Under the American with Disabilities Act (ADA), an employer generally may not make a pre-employment medical inquiry to an applicant. The Eleventh Circuit Court of Appeals, however, recently considered the issue of whether an employee who is not disabled may bring a lawsuit against an employer based on an improper medical inquiry. The Court concluded that such a lawsuit was permissible.
The Plaintiff in Harrison v. Benchmark Electronics had been employed by the company as a temporary employee. He had been invited to apply for a full time position. In the course of that application, he was asked to take a drug test, which is permissible under the ADA. He tested positive, which he explained by providing a prescription for the drug. His supervisor allegedly questioned him further about the drug, and the employee’s medical condition.
Subsequently, the decision was made not to extend him a full time job offer, and he was told that he could not return to his temporary job duties because he had performance and attitude problems. He was fired.
Harrison sued, claiming that he had a perceived disability, and that he had been given improper pre-employment inquiries. The trial court dismissed both causes.
On appeal, the court considered the issue of whether an employee who was not disabled could pursue a private cause of action for a prohibited medical inquiry. In the course of its inquiry, the court noted that the ADA makes it illegal for the covered employer to discriminate against a qualified individual with a disability, and restricts the employer’s ability to make inquiries that relate to an applicant’s disability status. It noted that in the pre-employment offer stage, such as in this case, an employer may inquire into the ability of an applicant to perform job related functions. An employer may not conduct a medical examination or make inquires as to whether the applicant is an individual with a disability or the nature or severity of such disability.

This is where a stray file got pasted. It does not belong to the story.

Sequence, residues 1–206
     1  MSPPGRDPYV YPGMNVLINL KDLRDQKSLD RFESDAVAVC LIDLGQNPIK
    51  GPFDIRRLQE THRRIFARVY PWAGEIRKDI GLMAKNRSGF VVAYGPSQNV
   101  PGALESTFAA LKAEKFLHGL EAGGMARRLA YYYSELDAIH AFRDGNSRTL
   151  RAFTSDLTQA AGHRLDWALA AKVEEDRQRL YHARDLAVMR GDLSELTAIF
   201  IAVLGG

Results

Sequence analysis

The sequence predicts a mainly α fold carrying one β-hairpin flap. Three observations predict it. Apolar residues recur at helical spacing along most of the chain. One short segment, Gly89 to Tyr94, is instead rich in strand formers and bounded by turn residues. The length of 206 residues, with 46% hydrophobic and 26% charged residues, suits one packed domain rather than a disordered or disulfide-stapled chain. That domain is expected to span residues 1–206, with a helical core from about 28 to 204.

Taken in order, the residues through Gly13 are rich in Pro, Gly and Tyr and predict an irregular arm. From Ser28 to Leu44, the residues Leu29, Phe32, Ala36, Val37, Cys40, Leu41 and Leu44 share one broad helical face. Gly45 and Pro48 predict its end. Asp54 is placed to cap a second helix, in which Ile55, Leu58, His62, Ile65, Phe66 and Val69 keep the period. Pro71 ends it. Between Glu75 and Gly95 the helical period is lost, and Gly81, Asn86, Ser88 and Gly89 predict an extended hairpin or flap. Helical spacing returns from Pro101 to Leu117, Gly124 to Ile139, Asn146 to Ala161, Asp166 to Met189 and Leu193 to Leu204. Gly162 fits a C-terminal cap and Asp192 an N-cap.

The court noted that while disability discrimination involves qualified individuals with disabilities, the section of the law precluding improper pre-offer inquiry refers broadly to “applicants,” not “disabled applicants.”
The court then joined five other Circuit Courts of Appeal which had already found that a private cause of action could be maintained by a non-disabled employee.
Turning, then, to the merits of the lawsuit, the Court noted that there was a general exemption from the prohibition of pre-employment medical inquiries for a drug test, and that employers may ask follow up questions concerning the drug test. It sent the issue back to the trial court to determine whether the company’s follow up questions exceeded permissible limits on those questions.
The holding in Harrison underscores the necessity for employers to develop an interview procedure which would restrict the pre-job offer medical inquiries made to employees, and additionally, when a drug test is administered in the pre-offer stage, to limit the follow up questions so as not to require an employee to divulge the fact that he or she suffered from a disability. There should be no inquiries which could be construed as likely to elicit information about the applicant’s disabilities. An improper question, by itself, will be a sufficient basis for a lawsuit by an applicant against an offending employer.